After four rounds of pandemic restrictions, a popular Vancouver dance studio is pulling out.
For 12 years, Mount Pleasant’s D2 Dance Studio has provided an environment, both social and educational, where people come for salsa, bachata, zouk and more.
But with repeated closings and restrictions on in-person activities aimed at slowing the spread of COVID-19, co-owner Jennifer Dancey said it no longer makes economic sense to hang on to the studio.
“We finally decided it didn’t make sense to pay rent on space we could barely use,” she said.
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“Our industry is based on people dancing together and doing things in person, so trying to move everything online or Zoom just wasn’t going to work for our business. There are some types of dancing that you can do yourself in your living room, but our business is based on social contact.
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British Columbia’s latest restrictions, implemented in mid-December as the Omicron variant sent case numbers skyrocketing, closed public gymnasiums, high-intensity group training facilities and classes in dance studios.
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“When we have a lot of transmission in our community, we have repeatedly seen gyms become amplifiers,” provincial health officer Dr. Bonnie Henry said earlier this month in response to complaints from the health sector. fitness.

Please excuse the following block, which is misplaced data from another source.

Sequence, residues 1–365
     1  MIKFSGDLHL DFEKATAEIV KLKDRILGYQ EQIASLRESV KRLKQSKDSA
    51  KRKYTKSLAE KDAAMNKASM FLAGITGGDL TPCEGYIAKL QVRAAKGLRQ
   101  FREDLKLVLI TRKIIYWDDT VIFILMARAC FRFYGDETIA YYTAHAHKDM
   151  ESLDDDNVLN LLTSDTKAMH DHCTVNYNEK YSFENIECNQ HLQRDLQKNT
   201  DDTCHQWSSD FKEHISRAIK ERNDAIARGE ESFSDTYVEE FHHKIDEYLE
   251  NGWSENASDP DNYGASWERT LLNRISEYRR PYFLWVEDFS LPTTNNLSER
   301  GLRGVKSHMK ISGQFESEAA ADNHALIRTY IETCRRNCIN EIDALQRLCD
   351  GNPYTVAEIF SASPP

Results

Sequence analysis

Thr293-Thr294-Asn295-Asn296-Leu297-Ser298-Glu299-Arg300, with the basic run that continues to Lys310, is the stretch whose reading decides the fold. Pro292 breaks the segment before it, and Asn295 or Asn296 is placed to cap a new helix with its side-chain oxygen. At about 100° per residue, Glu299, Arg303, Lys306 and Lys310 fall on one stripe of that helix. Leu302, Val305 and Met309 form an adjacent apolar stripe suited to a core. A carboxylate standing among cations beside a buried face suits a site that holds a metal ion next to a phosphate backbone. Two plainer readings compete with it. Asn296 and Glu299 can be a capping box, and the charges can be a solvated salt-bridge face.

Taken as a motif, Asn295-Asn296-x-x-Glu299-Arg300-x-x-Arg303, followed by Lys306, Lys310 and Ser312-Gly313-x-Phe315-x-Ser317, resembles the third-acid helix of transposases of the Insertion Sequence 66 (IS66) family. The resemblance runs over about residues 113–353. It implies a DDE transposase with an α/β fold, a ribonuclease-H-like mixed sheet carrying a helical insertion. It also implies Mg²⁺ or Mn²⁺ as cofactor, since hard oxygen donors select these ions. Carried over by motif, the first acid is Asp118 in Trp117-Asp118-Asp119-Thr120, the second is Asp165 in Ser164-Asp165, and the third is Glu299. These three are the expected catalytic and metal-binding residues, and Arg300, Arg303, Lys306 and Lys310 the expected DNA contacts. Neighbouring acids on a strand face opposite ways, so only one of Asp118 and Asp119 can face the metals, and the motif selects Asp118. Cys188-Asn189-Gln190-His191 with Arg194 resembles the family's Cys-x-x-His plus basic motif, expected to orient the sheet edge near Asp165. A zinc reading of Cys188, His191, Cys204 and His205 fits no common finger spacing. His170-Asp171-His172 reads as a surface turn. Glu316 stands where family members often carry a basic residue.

“We can tell you that we saw that as a model.”
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Henry said the province would allow fitness facilities to reopen at the first safe opportunity. She is expected to provide an update on the latest round of restrictions on Tuesday.
It will be too late for D2. But Dancey said she was confident they made the right decision.
Yet she worries about the toll that the repeated closure of fitness faculties is taking on the public.
“This pandemic has been very difficult for people as it has isolated everyone from each other. It took away that sense of community, family, and connection, and it led to mental health issues for people. This led to physical problems,” she said.
“Gymnasiums and dance studios are so important to people’s physical and mental health – given that this pandemic is so tough on people’s health, given that this pandemic is so tough on people’s health, if you do not give them outlets and areas where they can continue to take care of their health, what have you? How can people be resilient? »
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As D2 closes its Vancouver studio, Dancey said she and her husband Stephen have no plans to leave the dance business.
Before opening their dance studio, the couple focused on hosting dance events, such as the Sunday Afternoon Long Salsa at Vancouver’s Robson Square.
When the latest wave of COVID cools, they will once again focus on the events side of their business.
“We will be back,” she said. “It’s not a goodbye, we want to make that clear to our dance community, it’s just, ‘We’ll see you later.'”
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